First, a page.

Today Botswana, celebrates its independence, attained in 1966 from the United Kingdom.
A country of just over 2.2 million people, Botswana is undoubtedly one of Africa’s most stable democracies, which boasts of a vibrant economy. The current realities are a stark contrast to the state which was formed in 1966 when the country gained its independence. Under the leadership of Seretse Khama, Botswana was confronted with numerous challenges, which threatened its very survival, from the hostilities of the Apartheid regime to developmental challenges, poverty and infrastructural drawbacks. The country had to learn to crawl and walk fast. Indeed, Botswana quickly developed under the astute leadership of Seretse Khama.
The gains of the early years, characterised by social and economic development, premised on political stability were consolidated after the death of the country’s founding father. A nationalist Ketumile Masire who took over from Seretse Khama managed to fill the shoes of his predecessor and led Botswana on a path of steady economic and infrastructural growth. Masire stepped down in 1998 and was succeeded by Festus Mogae, who continued to steer the country towards economic prosperity, although Botswana struggled with various issues including poverty, HIV/Aids and unemployment, which Mogae’s administration vowed to continue addressing. Under the leadership of current president, Ian Khama Botswana remains one of the continent’s most stable countries. There are indeed strong suggestions of autocracy and the mistreatment of San people amongst other problems. Despite these challenges, 50 years after independence Batswana people have a lot to celebrate.
On the country’s Golden Jubilee we celebrate with Batswana and share 10 quotes from the country’s three former presidents to the current leader, to get a glimpse of how the vision of Botswana’s leaders has helped shape the country’s social, political and economic trajectory.
1. “[D]emocracy, like a little plant, does not grow or develop on its own. If must be nursed and nurtured if it is to grow and flourish. It must be believed in and practiced if it is to be appreciated. And it must be fought for and defended if it is to survive”. Seretse Khama, first president of Botswana, speech given at the opening of the fifth session of Botswana’s third National Assembly, November, 1978.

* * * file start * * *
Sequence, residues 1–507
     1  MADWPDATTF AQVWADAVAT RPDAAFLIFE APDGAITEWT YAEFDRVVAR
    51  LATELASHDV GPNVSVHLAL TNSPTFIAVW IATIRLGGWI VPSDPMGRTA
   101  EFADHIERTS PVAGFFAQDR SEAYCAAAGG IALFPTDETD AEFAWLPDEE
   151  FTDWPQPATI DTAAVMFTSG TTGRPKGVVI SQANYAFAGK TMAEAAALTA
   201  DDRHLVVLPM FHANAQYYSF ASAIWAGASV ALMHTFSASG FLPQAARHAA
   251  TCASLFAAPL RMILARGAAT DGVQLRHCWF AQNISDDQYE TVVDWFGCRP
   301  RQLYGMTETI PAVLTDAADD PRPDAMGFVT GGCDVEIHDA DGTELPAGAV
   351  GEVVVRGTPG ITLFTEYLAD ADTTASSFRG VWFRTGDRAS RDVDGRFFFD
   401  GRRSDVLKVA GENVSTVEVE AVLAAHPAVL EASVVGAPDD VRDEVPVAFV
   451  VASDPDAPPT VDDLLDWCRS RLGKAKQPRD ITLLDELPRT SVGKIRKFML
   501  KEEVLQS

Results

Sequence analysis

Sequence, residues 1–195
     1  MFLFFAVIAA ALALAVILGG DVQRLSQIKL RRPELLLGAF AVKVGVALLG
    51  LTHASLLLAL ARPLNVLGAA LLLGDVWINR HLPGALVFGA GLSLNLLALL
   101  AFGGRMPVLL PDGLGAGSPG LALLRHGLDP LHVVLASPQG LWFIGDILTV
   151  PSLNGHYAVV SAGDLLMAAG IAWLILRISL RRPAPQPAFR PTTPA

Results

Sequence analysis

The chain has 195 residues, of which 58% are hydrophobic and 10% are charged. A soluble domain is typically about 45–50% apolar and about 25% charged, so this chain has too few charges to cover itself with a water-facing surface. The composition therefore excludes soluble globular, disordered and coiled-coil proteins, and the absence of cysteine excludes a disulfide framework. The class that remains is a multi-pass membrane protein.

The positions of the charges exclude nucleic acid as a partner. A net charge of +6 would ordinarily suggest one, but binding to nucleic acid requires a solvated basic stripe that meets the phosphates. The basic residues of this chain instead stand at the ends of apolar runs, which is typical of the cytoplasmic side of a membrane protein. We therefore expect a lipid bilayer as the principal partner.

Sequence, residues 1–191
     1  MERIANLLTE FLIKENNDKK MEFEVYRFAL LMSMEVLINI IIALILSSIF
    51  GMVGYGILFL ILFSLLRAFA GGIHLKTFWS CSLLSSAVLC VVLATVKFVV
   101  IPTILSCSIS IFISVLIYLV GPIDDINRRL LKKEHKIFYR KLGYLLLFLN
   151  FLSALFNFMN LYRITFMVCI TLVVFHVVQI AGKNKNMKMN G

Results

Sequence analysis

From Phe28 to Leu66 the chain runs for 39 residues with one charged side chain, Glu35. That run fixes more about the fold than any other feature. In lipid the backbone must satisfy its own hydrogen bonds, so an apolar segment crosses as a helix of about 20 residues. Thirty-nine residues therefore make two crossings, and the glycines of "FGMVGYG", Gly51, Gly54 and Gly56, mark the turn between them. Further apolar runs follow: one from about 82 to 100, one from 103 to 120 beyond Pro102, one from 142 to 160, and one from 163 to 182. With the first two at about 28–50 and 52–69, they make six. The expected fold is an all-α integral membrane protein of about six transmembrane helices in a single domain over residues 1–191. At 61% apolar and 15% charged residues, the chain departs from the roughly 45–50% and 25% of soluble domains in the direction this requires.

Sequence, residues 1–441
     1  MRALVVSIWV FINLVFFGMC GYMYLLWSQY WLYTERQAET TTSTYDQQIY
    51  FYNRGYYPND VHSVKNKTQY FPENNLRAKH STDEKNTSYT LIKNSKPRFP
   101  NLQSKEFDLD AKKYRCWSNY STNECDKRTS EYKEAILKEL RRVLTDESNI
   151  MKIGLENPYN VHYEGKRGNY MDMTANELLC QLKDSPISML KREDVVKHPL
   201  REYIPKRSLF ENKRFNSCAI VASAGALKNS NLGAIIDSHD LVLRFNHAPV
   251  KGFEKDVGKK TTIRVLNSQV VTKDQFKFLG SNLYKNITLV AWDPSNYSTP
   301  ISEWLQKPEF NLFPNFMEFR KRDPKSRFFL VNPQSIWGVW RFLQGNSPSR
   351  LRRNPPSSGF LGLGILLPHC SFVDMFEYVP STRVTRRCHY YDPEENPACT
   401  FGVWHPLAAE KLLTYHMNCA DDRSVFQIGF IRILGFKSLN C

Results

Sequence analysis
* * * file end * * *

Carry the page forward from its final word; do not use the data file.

2. “It should now be our intention to try to retrieve what we can of our past. We should write our own history books to prove that we did have a past, and that it was a past that was just as worth writing and learning about as any other. We must do this for the simple reason that a nation without a past is a lost nation, and a people without a past is a people without a soul”. Seretse Khama, speech at the University of Botswana, Lesotho and Swaziland, May, 1970.
3. “I think that the trouble we now face in the world is caused mainly by the refusal to try and see another man’s point of view, to try and persuade by example — and the refusal to meet a rather passionate desire to impose your own will upon others, either by force or other means”. Seretse Khama, speech delivered in Blantyre, July, 1967.
4. “Bad governance doesn’t just undermine service delivery, it retards development, and it also drives violence”. Sir Ketumile Masire, second president of Botswana, Conference on Governance and Service Delivery in Developing Economies, August, 2015.
5. “Corruption imposes heavy costs on the economy and distorts development policies. It hurts the poor disproportionately by diverting funds intended for development. It undermines government’s ability to provide essential services. It fuels inequality and injustice and discourages foreign investment”. Sir Ketumile Masire, Conference on Governance and Service Delivery in Developing Economies, August, 2015.
6. “Leadership is not always about you, it is about people and often circumstances. I call upon African leaders to open up to second generation rights”. Festus Mogae, third president of Botswana, as quoted in Africa Renewal (interview), 2015.
7. “We made progress in the response to aids because we took a multi-sectoral approach, engaging every part of society. My concern is that leaders are becoming complacent and that they won’t sustain this approach to aids and extend it to health beyond 2015”. Festus Mogae, quoted in UNAids article, 2013.
8. “If we fail to end AIDS by 2030, we will be directly to blame because we have the knowledge and capacity to do so”. Festus Mogae, panel discussion 20th International AIDS Conference (AIDS 2014), July, 2014.
9. “Unlike some who twist the concept of democracy to suit themselves, we have stuck to these principles in that everything we do should be in the interest of our citizens. This explains our tough stance on corruption – which is all about self-interest and self-promotion. From democracy and good governance”. Ian Khama, fourth president of Botswana, as quoted in the Daily Maverick, June, 2016
10. “[A] lot of the problems with politics is the self-interest that creeps into politicians… A lot of politicians are motivated by what is in it for them. That is something I consider you have to keep your eye on very closely, that it doesn’t creep in”. Ian Khama, as quoted in the Guardian, October, 2014.
Sources: Mo Ibrahim Foundation, Africanhistory.com, and UNAids.